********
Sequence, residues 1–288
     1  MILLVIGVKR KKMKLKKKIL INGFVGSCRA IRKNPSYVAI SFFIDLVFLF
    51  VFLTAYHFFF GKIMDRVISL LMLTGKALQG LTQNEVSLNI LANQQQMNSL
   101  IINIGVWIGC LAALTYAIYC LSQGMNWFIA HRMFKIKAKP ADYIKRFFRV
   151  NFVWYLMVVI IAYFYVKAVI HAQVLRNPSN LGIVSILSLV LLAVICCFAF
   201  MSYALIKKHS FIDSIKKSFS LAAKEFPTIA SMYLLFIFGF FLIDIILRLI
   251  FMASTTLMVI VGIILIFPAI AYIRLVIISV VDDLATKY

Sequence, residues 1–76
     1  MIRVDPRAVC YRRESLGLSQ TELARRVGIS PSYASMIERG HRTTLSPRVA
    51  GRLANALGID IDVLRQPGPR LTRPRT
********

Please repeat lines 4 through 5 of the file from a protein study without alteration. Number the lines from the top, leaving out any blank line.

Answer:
   101  IINIGVWIGC LAALTYAIYC LSQGMNWFIA HRMFKIKAKP ADYIKRFFRV
   151  NFVWYLMVVI IAYFYVKAVI HAQVLRNPSN LGIVSILSLV LLAVICCFAF